War: The possibility at last exists that war may be defeated on the lingustic plane. If war is an extreme metaphor, we may defeat it by devising metaphors that are even more extreme.

Telephone: A shrine to the desperate hope that one day the world will listen to us.

Forensics: On the autopsy table science and pornography meet and fuse.

Hallucinogenic drugs: The kaleidoscope's view of the eye.

Pornography: The body's chaste and unerotic dream of itself.

The Warren Commission Report: The novelization of the Zapruder film.

Money: The original digital clock.

Personal Computers: Perhaps unwisely, the brain is subcontracting many of its core functions, creating a series of branch economies that may one day amalgamate and mount a management buyout.

Furniture and Industrial design: Our furniture constitutes an external constellation of our skin areas and body postures. It's curious that the least imaginative of all forms of furniture has been the bed.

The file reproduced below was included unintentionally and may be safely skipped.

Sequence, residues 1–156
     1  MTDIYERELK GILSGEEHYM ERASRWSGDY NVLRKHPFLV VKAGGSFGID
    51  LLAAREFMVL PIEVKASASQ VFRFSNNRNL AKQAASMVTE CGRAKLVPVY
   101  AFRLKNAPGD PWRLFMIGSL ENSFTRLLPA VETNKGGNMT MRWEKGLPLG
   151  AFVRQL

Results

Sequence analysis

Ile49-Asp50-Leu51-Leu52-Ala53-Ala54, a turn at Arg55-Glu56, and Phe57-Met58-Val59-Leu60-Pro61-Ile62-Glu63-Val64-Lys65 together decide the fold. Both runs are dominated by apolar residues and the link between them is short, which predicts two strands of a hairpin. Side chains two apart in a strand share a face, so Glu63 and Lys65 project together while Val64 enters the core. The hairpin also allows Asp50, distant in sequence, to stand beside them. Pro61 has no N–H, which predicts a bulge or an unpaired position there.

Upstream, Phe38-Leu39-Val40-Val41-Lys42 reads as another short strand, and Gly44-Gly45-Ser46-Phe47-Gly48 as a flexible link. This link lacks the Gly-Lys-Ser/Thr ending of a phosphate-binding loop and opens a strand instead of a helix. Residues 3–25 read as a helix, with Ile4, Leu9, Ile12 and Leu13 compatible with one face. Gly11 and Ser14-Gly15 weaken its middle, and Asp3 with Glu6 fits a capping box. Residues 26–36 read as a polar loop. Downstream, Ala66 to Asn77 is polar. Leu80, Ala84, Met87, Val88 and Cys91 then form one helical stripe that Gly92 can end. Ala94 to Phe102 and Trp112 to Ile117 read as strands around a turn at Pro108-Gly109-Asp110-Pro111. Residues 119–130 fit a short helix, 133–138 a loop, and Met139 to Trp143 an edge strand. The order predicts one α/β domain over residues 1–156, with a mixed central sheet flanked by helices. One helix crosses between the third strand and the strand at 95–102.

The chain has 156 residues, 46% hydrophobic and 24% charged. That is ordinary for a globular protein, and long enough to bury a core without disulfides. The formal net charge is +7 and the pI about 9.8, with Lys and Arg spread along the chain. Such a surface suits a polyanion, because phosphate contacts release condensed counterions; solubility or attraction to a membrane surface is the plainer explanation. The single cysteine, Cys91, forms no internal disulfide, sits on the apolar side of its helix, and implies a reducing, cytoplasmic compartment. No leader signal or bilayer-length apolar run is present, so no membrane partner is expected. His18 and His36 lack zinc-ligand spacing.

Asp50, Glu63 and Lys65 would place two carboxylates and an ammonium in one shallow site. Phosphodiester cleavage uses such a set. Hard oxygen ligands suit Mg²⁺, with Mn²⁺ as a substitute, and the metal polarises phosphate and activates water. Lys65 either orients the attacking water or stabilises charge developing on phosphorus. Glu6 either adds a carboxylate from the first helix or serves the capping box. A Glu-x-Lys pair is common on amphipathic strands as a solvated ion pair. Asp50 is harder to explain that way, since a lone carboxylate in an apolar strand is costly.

Genocide: The economics of mass production applied to self-disgust.

* "When I write a sentence, oftentimes what I do is try to treat it like a kernel of popcorn. I'll keep packing more and more words in there. Sort of refine it, until it explodes. When it does, it has all this surface area. It's kind of complicated to trace the whole shape of the thing. But if you do, you get the whole round shape of it. And that's the way it has to be. Some of the earlier stuff is the most grammatically complex. I just try to come up with the right sentence for the right job." -- William T. Vollman

April 14, 2012

went out for the weekend
it lasted forever
got high with my friends
it's officially summer

Joe Brainard, ZZZZ . . . , 1977

* From Harper's May 2012:

-- Percentage of its profits that GE paid in federal taxes in the past decade: 2.3

-- Number of rodent hairs allowed by the FDA in a standard jar of peanut butter: 5

-- Total advertising revenue of the U.S. newspaper industry in 2011: $23,900,000,000

-- Of Google: $36,500,000,000

-- Amount the average U.S. worker spends annually on coffee: $1,092

* Interesting 1976 NYRB article on Billie Holiday by Elizabeth Hardwick.